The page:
While the first season of True Detective wallowed in the depths of existential despair, it wasn’t afraid to let its characters crack a smile, be it the good or bad guys. They were few and far apart, yes, but there were moments where True Detective‘s time in the bayou led to pockets here and there where it didn’t feel like the entire crappy world was coming to a crappy end; Season 2 of True Detective has forgotten this balance, delving so far into the deep side of dourness that it has, in the span of two short hours, turned into a parody of itself – and one that isn’t necessarily awful, but awfully hilarious.
What sticks out about “Night Finds You” is how damn hard it’s trying to be a literary work; from the water damaged ceilings leaking into an image of Caspere’s removed eyes, to the closing shots of the man in the bird mask (more on that in a minute), “Night Finds You” isn’t really true to its title. By the time this season has started, night has already befallen all of our characters, leaving no sense of mystery as to how they fell so far, the depressing details pouring out of every crevice; Velcoro’s ex-wife (Abigail Spencer from Rectify) threatening a paternity test, Frank mortgaging his “empire,” and Paul and Antigone’s “struggles” with their sexuality (not to mention Antigone’s two siblings who killed themselves) are brought to the light with all the subtlety of the torture Caspere himself endured. There’s no end to the darkness of this season’s set of characters, which makes these first two episodes a slog of moving from stone-cold face to stone-cold face, each one less convincing than the last.
Season 1’s most interesting question was “What happened to Rust Cohle?”, after all – this season doesn’t offer us any of these questions, instead finding its characters in their darkest places, rather than on their way, or trying to recover from it (there was that one flashback with Velcoro… though that was in the first five minutes, and appears to have been forgotten). There doesn’t seem to be any redemption for these characters to search for, and that robs the proceedings of any kind of dramatic tambor; instead, “Night Finds You” is an episode of following bread crumbs, crumbs that lead to the most laughably overwrought places imaginable.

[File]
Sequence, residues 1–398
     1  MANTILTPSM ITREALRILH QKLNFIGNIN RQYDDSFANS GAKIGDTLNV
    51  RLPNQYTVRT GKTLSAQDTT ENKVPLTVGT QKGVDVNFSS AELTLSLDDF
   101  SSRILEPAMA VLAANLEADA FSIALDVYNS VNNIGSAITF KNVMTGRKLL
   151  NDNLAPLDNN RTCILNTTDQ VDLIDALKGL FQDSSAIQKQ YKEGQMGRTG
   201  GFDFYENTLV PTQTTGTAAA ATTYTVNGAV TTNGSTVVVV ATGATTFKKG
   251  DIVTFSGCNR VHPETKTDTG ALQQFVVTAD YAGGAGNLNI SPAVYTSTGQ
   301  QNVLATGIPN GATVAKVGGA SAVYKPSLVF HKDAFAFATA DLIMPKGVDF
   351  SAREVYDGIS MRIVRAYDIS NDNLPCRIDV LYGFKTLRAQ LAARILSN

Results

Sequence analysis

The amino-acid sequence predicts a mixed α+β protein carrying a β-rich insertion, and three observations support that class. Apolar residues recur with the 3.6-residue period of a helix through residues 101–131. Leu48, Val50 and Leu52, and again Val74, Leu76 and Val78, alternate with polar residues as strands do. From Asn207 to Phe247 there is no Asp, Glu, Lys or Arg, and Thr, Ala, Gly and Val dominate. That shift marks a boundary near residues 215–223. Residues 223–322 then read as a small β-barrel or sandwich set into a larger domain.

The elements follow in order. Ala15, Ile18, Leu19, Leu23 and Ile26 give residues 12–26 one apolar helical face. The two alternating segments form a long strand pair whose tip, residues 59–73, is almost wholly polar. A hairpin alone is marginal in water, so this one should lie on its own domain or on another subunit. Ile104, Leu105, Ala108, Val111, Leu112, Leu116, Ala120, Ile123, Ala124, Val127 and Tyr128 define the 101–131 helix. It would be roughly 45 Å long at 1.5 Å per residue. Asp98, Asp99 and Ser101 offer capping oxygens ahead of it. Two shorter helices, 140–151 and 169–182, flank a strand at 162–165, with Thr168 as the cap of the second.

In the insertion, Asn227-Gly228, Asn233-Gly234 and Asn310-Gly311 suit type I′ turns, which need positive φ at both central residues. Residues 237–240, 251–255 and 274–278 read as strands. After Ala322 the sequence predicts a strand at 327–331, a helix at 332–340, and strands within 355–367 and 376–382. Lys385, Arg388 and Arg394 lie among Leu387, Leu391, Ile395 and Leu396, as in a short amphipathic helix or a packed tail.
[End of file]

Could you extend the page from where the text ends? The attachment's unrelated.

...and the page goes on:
With one character stating that “innuendo is nobody’s friend,” it’s not really all that surprising the lack of subtlety this season has employed to this point. The close-up shot of Caspere’s shot-off genitals reminds us that this is a show about men struggling with their masculinity, with a hard-headed, e-cig puffing woman around for the guys to bring down and remind them of their own gender, and how much stronger they really are. Poor Antigone isn’t even being represented as a human character; there hasn’t been a scene with her in these first two episodes (no, NOT ONE) that isn’t directly focused on her sexual behavior or refers to her as a sexual object (Velcoro tells her smoking e-cigs is like “sucking a robot’s d**k,” just to nail the point home that SHE IS NOT A MAN). She watches porn, drinks scotch, and takes it too far in the bedroom… but she smokes fake cigarettes and has daddy issues, lest you forget that she’s not a weak-willed woman who should listen to the alcoholic in the car seat next to her.